Noam Chomsky, Alain de Botton, and Errol Morris are not the names one expects to see among the contributors to a journal about graphic design, but Open Manifesto is no ordinary publication. “It’s unlike most other design journals in the world,” says Open Manifesto founder, editor, and publisher Kevin Finn, a veteran of Saatchi Design. “Specifically, it focuses on the intersection of design with social, political, cultural, and economic issues and includes contributions from many significant people outside the design disciplines.” And so critical writing by the likes of Paula Scher and George Lois mingles with the musings of Edward de Bono and ex-CIA operative Larry J. Kolb. The latest issue (#6) is an entertaining, educational, and engaging look at the power of the myth. We seized the narrative-themed moment to ask Finn about his own story. Read on to learn how founding Open Manifesto saved his career as a designer, trends in Australian graphic design, and whose work you might see in a future issue.
1. How did Open Manifesto come about?
To be honest, I had been thinking of the idea for about eight years before I decided to finally go ahead and do it [in 2003]. So why did it take so long? Well, to start with I didn’t think I was qualified to produce anything like Open Manifesto, considering I was not a writer, an editor, a journalist, or a publisher. But I have a very curious mind, so–for better or worse–I figured that was qualification enough. But there were two specific turning points that led to creating Open Manifesto.
The first was when I was Joint Creative Director of Saatchi Design, Sydney. We were staging an exhibition of our work inside the Saatchi & Saatchi advertising agency, partly for our clients and partly to further explain what we did to our advertising colleagues. At the time, we were fortunate enough to have also won a D&AD Yellow pencil. So I was standing in this room, surrounded by what we considered to be our best work and having just returned from London with a Yellow Pencil. I was 29, and I felt surprisingly empty. I asked myself: Is this it? Is this the height of what we do–take a brief, come up with a good idea, design something well, hope to win an award… take a brief, come up with a good idea, design something well…etcetera. I saw a hamster wheel of repetition ahead of me and, considering I had achieved way more than I had ever, ever expected by age 29, I decided perhaps I needed to leave the industry and learn something new.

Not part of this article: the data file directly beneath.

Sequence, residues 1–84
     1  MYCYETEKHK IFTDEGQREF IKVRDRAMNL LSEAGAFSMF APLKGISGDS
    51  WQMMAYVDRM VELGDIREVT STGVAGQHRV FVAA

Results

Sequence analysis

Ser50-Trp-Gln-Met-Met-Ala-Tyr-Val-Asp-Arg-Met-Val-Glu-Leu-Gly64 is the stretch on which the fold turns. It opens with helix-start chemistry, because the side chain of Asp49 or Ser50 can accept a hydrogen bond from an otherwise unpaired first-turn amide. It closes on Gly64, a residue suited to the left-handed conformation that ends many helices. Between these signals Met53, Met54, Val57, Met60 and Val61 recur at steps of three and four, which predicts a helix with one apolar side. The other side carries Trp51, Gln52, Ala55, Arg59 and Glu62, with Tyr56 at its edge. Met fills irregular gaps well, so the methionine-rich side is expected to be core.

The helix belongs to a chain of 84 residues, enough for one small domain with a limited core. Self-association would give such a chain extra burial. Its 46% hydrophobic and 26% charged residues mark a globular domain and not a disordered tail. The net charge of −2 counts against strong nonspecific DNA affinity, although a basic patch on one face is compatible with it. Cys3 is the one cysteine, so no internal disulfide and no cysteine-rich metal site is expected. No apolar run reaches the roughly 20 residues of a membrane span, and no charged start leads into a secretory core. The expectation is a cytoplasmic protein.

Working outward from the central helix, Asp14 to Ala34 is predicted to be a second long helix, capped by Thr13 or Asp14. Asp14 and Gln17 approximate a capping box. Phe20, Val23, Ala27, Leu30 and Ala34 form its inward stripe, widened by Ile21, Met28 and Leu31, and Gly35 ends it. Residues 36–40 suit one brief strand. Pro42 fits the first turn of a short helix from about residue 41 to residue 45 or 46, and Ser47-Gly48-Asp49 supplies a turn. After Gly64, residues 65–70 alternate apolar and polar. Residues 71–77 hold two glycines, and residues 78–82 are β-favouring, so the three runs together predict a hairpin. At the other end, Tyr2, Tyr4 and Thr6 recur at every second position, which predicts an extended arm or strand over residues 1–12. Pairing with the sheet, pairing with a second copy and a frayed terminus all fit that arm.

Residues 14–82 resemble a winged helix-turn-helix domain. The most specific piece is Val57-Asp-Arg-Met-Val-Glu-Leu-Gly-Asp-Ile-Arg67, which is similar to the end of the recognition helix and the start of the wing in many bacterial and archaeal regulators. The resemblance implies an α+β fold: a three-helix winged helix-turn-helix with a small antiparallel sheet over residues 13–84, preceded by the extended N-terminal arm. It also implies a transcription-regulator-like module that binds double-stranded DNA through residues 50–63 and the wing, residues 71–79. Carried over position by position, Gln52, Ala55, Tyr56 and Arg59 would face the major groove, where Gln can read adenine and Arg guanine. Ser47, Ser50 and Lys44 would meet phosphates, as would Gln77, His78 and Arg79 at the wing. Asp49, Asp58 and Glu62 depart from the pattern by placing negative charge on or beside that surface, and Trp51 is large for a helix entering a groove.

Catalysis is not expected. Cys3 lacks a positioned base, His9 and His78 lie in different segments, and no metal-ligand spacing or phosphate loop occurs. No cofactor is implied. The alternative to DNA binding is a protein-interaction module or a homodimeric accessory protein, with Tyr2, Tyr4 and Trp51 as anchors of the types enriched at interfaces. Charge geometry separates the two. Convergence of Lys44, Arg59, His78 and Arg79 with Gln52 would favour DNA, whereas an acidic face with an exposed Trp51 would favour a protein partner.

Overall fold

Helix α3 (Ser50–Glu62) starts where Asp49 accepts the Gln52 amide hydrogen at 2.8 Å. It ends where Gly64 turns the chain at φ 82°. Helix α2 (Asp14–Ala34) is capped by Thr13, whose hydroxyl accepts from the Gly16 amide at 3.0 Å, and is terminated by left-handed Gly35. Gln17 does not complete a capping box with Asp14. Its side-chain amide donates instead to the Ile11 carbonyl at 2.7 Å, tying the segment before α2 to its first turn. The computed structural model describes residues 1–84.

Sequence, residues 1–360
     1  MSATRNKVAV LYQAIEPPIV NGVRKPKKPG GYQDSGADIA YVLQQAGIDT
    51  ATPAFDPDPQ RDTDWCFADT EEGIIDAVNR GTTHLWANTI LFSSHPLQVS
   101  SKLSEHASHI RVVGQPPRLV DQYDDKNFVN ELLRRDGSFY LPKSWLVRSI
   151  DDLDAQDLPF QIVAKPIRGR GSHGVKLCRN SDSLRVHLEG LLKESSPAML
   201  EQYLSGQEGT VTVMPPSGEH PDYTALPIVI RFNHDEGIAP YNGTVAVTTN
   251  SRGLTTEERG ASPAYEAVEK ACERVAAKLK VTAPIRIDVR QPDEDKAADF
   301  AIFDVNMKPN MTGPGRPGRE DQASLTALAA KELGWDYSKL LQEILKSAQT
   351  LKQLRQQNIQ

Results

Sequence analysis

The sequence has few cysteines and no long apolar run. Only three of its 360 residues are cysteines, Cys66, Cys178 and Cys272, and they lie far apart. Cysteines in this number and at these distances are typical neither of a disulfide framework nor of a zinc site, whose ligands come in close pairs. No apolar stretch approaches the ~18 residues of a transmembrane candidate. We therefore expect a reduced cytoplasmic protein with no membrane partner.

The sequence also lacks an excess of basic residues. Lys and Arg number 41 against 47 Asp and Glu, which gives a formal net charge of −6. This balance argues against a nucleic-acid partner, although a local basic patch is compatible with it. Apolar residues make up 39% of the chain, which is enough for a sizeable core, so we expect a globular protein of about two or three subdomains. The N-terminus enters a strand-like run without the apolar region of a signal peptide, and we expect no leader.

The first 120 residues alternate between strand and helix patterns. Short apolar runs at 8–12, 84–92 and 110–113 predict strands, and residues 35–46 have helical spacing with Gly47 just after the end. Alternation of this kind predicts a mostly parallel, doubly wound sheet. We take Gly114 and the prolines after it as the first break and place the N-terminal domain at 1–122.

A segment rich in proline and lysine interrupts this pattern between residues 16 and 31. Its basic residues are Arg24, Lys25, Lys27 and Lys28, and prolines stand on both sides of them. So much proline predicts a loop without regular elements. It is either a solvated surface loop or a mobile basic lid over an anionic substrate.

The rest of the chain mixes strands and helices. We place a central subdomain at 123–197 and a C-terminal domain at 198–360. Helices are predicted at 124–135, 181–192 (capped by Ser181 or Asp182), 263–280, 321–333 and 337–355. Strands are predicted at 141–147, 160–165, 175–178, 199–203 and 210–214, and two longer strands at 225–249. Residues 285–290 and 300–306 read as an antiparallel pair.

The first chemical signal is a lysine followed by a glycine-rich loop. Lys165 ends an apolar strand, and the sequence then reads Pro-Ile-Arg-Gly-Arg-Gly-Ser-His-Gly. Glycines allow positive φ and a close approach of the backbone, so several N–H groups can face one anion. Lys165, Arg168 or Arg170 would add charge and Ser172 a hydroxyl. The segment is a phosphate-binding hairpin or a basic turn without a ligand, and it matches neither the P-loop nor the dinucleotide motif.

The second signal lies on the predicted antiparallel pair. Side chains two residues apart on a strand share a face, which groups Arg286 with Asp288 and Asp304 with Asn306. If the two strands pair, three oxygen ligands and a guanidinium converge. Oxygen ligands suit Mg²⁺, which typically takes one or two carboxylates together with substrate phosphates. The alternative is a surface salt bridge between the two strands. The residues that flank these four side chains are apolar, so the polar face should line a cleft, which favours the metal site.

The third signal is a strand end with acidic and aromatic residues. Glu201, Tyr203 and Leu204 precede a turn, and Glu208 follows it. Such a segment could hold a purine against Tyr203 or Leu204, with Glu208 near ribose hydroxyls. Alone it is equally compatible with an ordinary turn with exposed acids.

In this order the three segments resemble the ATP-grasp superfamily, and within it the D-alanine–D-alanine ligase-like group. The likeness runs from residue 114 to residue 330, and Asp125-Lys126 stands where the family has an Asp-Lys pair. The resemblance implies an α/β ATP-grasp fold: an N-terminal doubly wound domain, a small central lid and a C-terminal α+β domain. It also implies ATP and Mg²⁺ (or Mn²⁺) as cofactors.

But the alternative was just as interesting and challenging. I decided to question what it is that I do, and to question it deeply. That meant looking at how creative people in society think, which ultimately leads them to what they ‘do.’ I was interested in the ‘why’ and also in the connections between things. Most projects that a designer gets involves some aspect of research. But due to circumstances the research is narrow and myopic, simply because it needs to directly relate to the business, client or topic at hand. Open Manifesto allows me to pursue wider and deeper research and–to be honest–it saved my career as a designer.
The second specific turning point happened within a few days of the first. I wandered into a bookshop in Sydney and stumbled across Emigre #64 (Rant). I’d been a fan of Emigre in the 90s, but had somehow lost a connection to the magazine. But #64 was a catalyst and a motivator to continue with my ideas for Open Manifesto. I bought #64, walked out of the bookshop and across the road to a park where I sat down and read the issue in one sitting, from cover to cover.
From these events, Open Manifesto was born, with a very humble and uncertain plan.
2. Open Manifesto contributors have included everyone from Milton Glaser and Stefan Sagmeister to Errol Morris and Noam Chomsky. Anyone you’re particularly eager to sign on as a contributor to the next issue?
Indeed, there have been many high-profile people who have contributed to Open Manifesto, something I am incredibly grateful for. In terms of specific people I would like to have in Open Manifesto, there are always new and interesting people whom I come across regularly in my research. However, I would dearly love to include Sir David Attenborough, partly because I believe him to be one of the most inspiring people on the planet and partly because nature is the most incredible design lab ever invented. Another is Salman Khan, founder of the Khan Academy. I’ve been following Salman’s progress for years and I believe his vision for the future of education is astonishing. Having Sir Ken Robinson in Open Manifesto would also be wonderful. And there are many, many more…
3. You’re based in Australia. Marsupials notwithstanding, can you identify an interesting quirk, emerging trend, or overused design element that you’ve noticed in the Australian design world?